Unfortunately, most single people don’t understand how significant debt really is. I’ve known guys who had to delay their entrance into pastoral ministry due to the staggering debt they were carrying. I’ve had friends who had to delay having kids because they couldn’t afford to have kids and pay down their debt at the same time. I’ve had friends who couldn’t purchase a house because of the amount of debt they carried.

    Let me make it loud and clear: the financial choices you make when you are single have a direct effect on your ability to serve the Lord when you are married. 

    Your ability to minister, be fruitful, be hospitable, go on church plants, fund missionaries, and serve the poor is directly connected to the wise or unwise choices you make when you’re single.

    So please, be wise. If you don’t understand how money works, get a financial mentor. Spend your money wisely. Knock your debts out as quickly as possible. Avoid debt when possible. Trust me, you won’t regret it.

    Do you want to be fruitful when you are married? Be frugal when you are single.


    The single years are a fantastic time to hone your spiritual gifts in a concentrated way. Do you have the gift of leadership? Ask your pastor to give you as many leadership opportunities as he is willing. Do you have the gift of hospitality? Open up your house every week. Do you have the gift of generosity? Live frugally and give generously. Do you have the gift of mercy? Pour yourself into a local soup kitchen or prison ministry.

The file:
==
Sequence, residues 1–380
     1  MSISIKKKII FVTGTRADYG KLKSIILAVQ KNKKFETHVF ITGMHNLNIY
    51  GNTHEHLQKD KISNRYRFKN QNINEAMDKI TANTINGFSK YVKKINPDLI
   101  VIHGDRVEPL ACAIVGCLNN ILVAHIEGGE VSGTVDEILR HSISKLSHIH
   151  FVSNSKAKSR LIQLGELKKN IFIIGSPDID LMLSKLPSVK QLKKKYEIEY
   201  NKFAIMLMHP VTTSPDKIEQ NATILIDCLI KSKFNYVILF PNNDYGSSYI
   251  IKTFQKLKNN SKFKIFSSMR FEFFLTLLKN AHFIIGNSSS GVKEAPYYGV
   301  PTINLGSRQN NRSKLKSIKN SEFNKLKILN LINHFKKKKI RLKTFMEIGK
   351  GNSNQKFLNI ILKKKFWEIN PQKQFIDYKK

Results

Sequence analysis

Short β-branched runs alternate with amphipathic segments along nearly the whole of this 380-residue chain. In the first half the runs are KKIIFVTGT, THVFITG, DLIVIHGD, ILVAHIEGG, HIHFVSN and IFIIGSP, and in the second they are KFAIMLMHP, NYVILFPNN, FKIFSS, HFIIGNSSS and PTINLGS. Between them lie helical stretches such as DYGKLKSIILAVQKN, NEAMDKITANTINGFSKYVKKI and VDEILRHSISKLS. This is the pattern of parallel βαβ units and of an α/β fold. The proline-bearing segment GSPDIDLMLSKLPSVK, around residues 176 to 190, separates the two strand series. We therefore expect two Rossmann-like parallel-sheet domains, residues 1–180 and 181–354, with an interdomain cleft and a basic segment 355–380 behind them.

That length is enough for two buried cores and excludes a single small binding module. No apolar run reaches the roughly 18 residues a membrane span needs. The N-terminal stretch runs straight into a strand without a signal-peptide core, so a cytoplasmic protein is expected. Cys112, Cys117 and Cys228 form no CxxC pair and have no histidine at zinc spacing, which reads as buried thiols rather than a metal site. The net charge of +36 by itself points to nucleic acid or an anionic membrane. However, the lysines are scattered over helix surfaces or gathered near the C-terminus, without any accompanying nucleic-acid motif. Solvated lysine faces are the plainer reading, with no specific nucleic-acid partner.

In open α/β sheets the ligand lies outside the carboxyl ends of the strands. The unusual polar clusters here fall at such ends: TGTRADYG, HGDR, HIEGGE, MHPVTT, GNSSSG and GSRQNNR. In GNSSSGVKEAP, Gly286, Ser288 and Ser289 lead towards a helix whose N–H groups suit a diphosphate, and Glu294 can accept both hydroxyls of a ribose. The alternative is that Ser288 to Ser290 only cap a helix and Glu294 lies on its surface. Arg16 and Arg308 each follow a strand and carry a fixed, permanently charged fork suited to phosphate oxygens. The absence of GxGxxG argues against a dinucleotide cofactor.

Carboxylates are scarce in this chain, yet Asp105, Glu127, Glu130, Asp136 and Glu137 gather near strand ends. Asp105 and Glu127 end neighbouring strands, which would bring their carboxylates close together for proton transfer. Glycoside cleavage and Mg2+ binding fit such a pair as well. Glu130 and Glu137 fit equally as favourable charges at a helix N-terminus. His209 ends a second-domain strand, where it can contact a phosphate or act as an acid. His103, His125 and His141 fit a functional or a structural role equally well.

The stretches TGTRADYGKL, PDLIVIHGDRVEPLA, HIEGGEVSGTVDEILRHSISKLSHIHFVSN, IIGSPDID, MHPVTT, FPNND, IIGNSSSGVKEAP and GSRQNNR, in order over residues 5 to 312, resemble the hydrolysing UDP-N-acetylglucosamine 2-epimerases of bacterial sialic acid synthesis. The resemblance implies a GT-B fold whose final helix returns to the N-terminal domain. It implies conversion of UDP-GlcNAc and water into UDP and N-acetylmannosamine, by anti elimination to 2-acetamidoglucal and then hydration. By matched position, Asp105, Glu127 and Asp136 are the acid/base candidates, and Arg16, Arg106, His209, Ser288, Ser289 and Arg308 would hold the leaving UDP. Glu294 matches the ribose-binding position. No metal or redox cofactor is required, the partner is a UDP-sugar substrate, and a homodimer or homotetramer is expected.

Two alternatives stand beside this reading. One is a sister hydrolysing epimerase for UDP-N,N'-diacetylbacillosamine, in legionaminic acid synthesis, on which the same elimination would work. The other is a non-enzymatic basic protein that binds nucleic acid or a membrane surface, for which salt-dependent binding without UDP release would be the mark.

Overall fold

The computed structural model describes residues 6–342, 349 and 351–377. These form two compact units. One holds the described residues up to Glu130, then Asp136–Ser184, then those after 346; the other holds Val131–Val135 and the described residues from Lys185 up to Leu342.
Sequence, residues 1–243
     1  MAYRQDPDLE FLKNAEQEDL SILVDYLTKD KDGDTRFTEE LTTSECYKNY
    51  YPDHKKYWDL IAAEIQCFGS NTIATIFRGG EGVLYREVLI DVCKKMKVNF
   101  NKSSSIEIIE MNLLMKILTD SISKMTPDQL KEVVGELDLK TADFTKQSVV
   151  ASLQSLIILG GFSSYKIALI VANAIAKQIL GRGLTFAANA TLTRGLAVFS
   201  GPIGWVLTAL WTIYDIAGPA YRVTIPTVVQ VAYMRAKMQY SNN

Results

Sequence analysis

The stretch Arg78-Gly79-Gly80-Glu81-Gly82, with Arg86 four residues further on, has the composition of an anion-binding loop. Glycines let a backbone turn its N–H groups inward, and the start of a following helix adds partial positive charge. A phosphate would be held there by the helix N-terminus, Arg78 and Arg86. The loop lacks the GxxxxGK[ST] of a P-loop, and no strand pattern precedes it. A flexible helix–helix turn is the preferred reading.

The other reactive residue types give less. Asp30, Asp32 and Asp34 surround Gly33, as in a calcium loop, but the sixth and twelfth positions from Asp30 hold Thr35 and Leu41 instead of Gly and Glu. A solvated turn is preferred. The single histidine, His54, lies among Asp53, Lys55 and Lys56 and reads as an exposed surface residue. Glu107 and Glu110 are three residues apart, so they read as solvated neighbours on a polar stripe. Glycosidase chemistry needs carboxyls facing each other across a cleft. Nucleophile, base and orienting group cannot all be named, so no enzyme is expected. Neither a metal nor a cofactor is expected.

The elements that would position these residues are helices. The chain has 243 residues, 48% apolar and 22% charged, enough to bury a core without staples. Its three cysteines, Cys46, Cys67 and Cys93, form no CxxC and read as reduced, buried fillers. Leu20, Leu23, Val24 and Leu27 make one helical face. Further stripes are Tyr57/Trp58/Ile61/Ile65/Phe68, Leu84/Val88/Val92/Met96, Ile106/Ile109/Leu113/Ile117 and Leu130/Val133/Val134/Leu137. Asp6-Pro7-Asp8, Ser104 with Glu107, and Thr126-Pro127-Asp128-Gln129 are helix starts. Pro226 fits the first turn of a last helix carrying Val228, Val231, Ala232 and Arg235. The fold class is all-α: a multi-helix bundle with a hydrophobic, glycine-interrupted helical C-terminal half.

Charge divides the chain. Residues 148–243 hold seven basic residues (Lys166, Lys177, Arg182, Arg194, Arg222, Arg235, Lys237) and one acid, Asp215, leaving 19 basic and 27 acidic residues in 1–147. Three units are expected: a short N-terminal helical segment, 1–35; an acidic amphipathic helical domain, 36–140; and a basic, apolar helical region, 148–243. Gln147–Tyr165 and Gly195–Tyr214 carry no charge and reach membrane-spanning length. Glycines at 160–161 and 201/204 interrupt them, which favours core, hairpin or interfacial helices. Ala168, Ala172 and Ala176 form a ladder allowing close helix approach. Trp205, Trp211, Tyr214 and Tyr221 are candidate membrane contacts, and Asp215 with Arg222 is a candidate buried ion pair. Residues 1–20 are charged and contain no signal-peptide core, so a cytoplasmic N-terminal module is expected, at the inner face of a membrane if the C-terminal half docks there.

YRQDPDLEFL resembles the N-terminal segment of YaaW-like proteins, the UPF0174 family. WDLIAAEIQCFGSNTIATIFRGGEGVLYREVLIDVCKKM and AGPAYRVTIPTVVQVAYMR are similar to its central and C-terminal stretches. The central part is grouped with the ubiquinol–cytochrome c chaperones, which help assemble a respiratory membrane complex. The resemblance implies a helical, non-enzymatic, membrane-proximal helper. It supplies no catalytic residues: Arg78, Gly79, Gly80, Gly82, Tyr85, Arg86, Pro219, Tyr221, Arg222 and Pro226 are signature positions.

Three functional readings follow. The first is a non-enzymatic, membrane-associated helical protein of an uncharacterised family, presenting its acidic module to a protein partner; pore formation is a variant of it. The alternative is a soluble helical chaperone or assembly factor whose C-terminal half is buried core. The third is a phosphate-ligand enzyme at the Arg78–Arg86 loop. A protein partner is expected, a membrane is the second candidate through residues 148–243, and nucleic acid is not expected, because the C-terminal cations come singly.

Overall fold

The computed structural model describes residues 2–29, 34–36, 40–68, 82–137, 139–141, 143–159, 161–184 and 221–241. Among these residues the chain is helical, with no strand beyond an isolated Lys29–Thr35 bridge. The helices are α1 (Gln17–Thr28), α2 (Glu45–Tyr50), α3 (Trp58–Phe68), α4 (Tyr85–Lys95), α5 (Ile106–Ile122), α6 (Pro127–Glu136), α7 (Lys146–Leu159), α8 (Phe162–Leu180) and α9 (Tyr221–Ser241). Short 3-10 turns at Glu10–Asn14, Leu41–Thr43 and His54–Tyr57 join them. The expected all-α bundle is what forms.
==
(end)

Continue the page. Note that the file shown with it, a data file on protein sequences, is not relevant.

Marriage and children are absolutely wonderful, but they place distinct limitations on the amount of time you can devote to honing your spiritual gifts. I need to provide food and clothes and beds for my children, which limits the amount of money I can give to my local church. I’m really grateful that I had the opportunity to hone my leadership and worship leading skills while I was single.


    The single years are certainly a time for fun and exploration, but the reality is, the single years only last for so long. Don’t waste your single years. Don’t fritter them away. Don’t cripple yourself with brutal debt. Use them strategically in order to position yourself for future fruitfulness.

    Stephen Altrogge is a writer, pastor, and knows a lot about Star Wars. Find out more at The Blazing Center.

  • Are You a Stumbling Block to Others?

    You really shouldn’t watch that movie. You really shouldn’t listen to that music. You really shouldn’t read that book. You really shouldn’t drive a car that expensive. You really shouldn’t wear a purse like that. You really shouldn’t allow your kids to read Harry Potter. You really shouldn’t go to that bar to eat wings.

    Oh, I didn’t realize. How come?

    Because other people think it’s wrong. You might be a stumbling block to them.

    This kind of exchange happens pretty often between Christians. We tell other Christians not to do certain things because they might become a stumbling block to someone else. Or we refrain from doing certain things because we are afraid we might become a stumbling block. The only problem is most of us aren’t exactly sure what it means to be a stumbling block.

    So what exactly does scripture mean when it talks about causing someone else to stumble?

    Let me start by saying what it does not mean. Doing something which other people think is wrong does not necessarily make you a stumbling block. I’m talking about areas not clearly spelled out in scripture. Lying, cheating, slandering, stealing, and sexual immorality are all clearly sin. I’m talking about gray areas here.